Top Ten 3D Printing Terms You Should Know

Diomedes Gonzalez
PD Specialist
Blog on December 15 2021

3D printing designs are created with layers of material being laid down on top of each other in an additive process. Many schools and educators are investing into this technology to reinforce skills in the engineering and design process. It’s easy to understand the overall process of how 3D works, but it’s even easier when we understand proper 3D printing terminology. Here are ten words you must know to help you become confident when you’re talking about and teaching 3D printing.  

3D Printing Terms:

  • Overhang: A part of a 3D model that is either partially or fully unsupported underneath. Overhangs of more than 45 degrees need support.
  • Bridge: An overhang across two points, drooping in the middle.
  • Wall Thickness: The distance between one surface and the other side of that surface. Note that there’s a limitation to the thickness of a wall based on the extruder’s nozzle diameter. It’s recommended to go twice the size of the nozzle.
  • Orientation: The location of an object on the plane, including x, y, and z axes. We recommend rotating your model so that it’s in the best position to print.
  • Slicing: The process by which the 3D model file is broken up into layers in a software program called a “slicer”. The slicer generates what is known as a g-code which then tells the 3D printer exactly how to move while printing.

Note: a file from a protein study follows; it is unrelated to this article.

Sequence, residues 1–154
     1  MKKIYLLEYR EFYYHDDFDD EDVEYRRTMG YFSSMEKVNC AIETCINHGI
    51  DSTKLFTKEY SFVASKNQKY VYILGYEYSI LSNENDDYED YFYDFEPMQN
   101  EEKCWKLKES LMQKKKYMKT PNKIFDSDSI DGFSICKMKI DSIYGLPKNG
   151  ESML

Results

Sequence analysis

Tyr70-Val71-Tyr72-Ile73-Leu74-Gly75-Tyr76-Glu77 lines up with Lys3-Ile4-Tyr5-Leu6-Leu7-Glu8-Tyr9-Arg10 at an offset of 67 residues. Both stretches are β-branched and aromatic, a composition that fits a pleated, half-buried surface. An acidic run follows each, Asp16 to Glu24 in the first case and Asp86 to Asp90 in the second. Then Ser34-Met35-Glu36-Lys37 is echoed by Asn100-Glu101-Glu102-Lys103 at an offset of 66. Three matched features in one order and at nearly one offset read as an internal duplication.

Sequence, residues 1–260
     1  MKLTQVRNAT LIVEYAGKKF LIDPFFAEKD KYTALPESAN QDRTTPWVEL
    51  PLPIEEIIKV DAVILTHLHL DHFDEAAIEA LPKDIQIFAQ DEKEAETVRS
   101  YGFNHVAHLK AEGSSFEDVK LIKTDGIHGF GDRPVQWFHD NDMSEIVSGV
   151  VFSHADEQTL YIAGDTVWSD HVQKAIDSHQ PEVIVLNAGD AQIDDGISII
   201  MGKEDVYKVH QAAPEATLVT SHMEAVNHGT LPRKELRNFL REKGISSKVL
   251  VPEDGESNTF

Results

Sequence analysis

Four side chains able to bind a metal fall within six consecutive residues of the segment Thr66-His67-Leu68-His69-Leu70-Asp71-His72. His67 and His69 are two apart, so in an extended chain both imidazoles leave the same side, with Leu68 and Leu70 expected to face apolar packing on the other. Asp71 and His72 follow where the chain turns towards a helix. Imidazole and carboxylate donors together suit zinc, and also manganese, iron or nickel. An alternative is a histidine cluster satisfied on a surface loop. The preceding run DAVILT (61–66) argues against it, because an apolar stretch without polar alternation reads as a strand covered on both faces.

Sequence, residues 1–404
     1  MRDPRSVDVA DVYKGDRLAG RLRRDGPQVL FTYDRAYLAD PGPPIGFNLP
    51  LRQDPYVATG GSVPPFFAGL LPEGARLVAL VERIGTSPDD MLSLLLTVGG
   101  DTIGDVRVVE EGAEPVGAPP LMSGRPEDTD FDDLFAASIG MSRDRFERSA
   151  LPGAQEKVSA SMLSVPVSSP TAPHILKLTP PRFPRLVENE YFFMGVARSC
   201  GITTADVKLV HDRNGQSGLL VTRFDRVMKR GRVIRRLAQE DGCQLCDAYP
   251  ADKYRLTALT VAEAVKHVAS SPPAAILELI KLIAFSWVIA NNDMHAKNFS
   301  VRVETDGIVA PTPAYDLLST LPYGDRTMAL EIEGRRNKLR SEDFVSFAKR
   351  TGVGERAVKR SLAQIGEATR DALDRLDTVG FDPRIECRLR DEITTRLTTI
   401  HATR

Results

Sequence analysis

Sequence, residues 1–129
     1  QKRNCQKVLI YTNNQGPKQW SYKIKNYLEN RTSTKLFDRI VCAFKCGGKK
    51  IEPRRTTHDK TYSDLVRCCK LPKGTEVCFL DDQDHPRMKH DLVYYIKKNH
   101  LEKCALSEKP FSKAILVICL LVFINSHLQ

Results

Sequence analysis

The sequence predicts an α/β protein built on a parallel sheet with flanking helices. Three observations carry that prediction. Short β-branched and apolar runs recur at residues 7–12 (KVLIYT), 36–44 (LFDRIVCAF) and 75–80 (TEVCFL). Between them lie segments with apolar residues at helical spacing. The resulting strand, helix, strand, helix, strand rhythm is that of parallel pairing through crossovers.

• SupportTo help with overhangs or bridging, support material can be generated to ensure your design is printed properly. This is a temporary structure that can then be removed or dissolved in water depending on the type of support material that you use.
  • FilamentThe material used to print your design. PLA (Polyactic Acid) is used to print the design and PVA (PolyVinyl Alcohol) is used to generate support.
  • Infill:  Determines how dense or hollow a 3D model is. To create a fully solid object, the infill density must be at 100%. The lower the infill density, the lighter and more hollow your object will be.
  • ShellsThe outer walls that make up the perimeter of the 3D model. 
  • CADAn acronym that stands for computer-aided design. CAD is software that helps you generate or create your 3D Design.

If you’re looking to get started with 3D printing, be sure to review these words and help your students understand them as well. The more you use your 3d printer and CAD software, the more you will find yourself needing to use these terms. Do you have any other terms or tips about 3D printing for beginners? Please share in the comments below! Be sure to check out our STEM category on OTIS for educators for great courses on the Ultimaker, MakerBot, Tinkercad, lesson ideas, and more!


For more tips, tricks, and tools for teaching in and out of the classroom, check out more articles on the Teq Talk blog.

We also offer virtual professional development, training, and remote learning support for educators with OTIS for educators. Explore the technology, tools, and strategies that can spark student success — no matter where teaching or learning are happening.


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